The logo of e-commerce company Flipkart at its headquarters in Bangalore. Photo: AFP

E-commerce giants Amazon and Flipkart are now facing an investigation from Indian government authorities following complaints by small traders of deep discounts during the current festive season sales alleged to amount to predatory pricing.

The Department for Promotion of Industry and Internal Trade has told the big companies to disclose the names of top five sellers on their platforms, price lists of goods of preferred vendors and the kind of support provided to sellers, Business Standard reports, quoting unnamed sources.

The department has also sent them a questionnaire seeking details regarding their capital structure, business model and inventory management system.

This was done following complaints by a traders’ body, Confederation of All India Traders, that e-commerce companies have been violating the foreign direct investment policy by hiding behind festive season sales. The confederation time and again has raised the issue of alleged unethical, predatory pricing by the two e-commerce companies.

Commerce and Industry Minister Piyush Goyal confirmed the investigation against Walmart-owned Flipkart and Amazon. Executives from both the companies were summoned to meet commerce ministry officials last week to discuss the matter.

The companies have, however, denied allegations of involvement in deep discounting and claimed that the discounts were offered by the brands.

According to the consulting firm RedSeer, e-commerce companies such as Flipkart and Amazon could generate up to 390 billion rupees (US$ 6 billion) in sales this festive season.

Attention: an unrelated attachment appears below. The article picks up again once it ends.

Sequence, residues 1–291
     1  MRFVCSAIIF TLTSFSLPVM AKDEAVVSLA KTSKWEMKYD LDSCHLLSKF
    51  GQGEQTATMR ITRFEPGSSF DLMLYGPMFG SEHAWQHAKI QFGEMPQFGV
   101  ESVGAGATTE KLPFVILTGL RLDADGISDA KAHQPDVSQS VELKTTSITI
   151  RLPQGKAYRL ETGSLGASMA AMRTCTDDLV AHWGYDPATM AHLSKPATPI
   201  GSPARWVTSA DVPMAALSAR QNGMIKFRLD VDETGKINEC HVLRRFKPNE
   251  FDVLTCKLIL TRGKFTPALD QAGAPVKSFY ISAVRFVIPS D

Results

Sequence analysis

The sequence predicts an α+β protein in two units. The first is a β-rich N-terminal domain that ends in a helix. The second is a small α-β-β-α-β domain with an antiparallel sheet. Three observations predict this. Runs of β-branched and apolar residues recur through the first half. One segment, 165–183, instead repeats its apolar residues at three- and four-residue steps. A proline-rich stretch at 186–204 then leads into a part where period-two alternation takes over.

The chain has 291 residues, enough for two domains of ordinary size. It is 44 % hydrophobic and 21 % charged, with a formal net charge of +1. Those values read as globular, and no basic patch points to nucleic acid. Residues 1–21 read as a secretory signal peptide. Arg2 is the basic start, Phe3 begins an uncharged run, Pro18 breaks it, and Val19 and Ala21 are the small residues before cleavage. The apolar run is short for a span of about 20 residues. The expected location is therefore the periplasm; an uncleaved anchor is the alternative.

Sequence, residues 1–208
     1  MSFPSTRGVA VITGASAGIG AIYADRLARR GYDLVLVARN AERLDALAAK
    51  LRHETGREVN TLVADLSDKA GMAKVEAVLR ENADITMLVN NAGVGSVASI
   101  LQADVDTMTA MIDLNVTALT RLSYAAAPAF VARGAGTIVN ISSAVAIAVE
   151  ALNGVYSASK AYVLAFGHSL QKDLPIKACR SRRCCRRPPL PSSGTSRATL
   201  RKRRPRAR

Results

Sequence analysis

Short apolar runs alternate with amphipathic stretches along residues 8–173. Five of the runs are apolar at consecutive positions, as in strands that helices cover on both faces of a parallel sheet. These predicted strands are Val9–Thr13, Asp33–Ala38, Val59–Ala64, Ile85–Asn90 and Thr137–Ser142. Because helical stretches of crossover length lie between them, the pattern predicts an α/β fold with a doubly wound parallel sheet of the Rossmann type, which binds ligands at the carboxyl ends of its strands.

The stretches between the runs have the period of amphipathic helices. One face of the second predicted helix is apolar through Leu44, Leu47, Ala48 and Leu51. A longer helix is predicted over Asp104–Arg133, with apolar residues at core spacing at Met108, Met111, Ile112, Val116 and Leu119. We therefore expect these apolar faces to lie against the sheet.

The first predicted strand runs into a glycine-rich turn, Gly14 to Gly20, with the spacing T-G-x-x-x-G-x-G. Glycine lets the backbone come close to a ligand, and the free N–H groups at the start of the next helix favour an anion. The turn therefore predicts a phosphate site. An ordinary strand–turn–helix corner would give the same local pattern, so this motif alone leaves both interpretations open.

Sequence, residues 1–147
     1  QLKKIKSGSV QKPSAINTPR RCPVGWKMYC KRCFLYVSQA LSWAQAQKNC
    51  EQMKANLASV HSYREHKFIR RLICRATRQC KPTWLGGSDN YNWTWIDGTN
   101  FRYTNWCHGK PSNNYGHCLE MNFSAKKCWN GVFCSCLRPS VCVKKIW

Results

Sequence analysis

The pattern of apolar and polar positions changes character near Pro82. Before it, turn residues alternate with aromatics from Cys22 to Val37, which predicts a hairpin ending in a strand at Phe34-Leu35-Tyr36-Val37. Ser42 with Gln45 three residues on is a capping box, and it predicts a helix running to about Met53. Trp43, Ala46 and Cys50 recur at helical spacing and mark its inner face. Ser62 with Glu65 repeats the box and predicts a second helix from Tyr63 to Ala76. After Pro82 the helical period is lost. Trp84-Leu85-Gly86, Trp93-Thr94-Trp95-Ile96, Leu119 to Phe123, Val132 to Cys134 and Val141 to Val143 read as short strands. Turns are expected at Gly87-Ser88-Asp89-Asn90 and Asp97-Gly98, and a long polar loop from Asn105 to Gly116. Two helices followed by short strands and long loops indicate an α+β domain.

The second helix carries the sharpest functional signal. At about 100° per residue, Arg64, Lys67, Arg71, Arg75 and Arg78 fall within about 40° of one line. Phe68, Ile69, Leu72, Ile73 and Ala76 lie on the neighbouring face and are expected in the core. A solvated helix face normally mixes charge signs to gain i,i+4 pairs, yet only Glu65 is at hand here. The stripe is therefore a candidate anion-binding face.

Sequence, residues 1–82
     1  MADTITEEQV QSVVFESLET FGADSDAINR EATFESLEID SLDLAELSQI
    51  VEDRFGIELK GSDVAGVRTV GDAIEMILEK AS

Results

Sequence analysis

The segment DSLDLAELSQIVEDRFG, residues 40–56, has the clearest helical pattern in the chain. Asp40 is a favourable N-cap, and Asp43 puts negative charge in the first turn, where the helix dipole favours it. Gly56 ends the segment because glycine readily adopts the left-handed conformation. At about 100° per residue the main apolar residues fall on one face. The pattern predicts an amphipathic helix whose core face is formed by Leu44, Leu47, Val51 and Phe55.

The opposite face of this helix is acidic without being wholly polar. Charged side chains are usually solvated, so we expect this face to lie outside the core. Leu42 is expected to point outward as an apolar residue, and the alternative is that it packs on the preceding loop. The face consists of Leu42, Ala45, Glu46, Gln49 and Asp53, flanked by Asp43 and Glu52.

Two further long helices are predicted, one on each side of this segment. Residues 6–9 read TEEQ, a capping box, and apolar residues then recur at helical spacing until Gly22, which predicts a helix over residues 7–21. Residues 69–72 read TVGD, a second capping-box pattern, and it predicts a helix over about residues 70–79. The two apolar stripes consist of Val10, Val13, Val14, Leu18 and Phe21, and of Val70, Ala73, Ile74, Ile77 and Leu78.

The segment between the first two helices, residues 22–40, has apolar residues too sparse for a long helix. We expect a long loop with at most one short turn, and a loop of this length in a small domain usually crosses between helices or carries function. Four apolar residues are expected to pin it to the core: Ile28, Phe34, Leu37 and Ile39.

In February India introduced new e-commerce rules, which were aimed at protecting small-scale retailers who reportedly employ around 130 million people. These retailers have also been strong supporters of the ruling Bharatiya Janata Party.

The rules forced e-commerce firms Amazon and Flipkart to tweak their business structures. The online firms were to function as mere technology platforms and were prohibited from influencing directly or indirectly the prices of goods to be sold on their platforms.

These measures drew criticism from the United States, and trade ties between New Delhi and Washington became further strained. The Donald Trump administration has been critical about the huge tariffs imposed on products imported from the US.

While Amazon and Flipkart claim they have complied with the new rules, trader groups allege that the two companies are violating them by providing incentives to sellers to offer discounts – in some cases more than 50% – during the ongoing festive sales.

In order to attract shoppers during the Diwali festival, both the e-commerce went gone on an advertising blitz in various dailies to showcase discounts for products ranging from mobile phones and television sets to apparel.

The traders’ confederation secretary general, Praveen Khandelwal, alleged that because of steep online discounts, sales at offline businesses are down 30-40% in October. The confederation claimed it had emails sent by Flipkart and Amazon to sellers offering partial funding of discounts.

Traders have been the BJP’s core support base for nearly four decades. This makes it very difficult for the government to ignore their complaints – even though the targeted e-commerce platforms have deep pockets.

However, the government is also keen on attracting investments as a part of its ambition to expand India’s digital economy. This means it has to arrive at a fine balance between keeping its core base happy and taking note of investment plans by global e-commerce platforms. Amazon recently announced a significant reduction of its planned investments in India.

A recent report by Reserve Bank of India revealed that consumer confidence dipped to a six-year low in September as sentiment regarding employment, income and discretionary spending declined. People were less optimistic about their income over the year ahead. Under such circumstances, customers get attracted to deep discounts that help them limit their festival spending.

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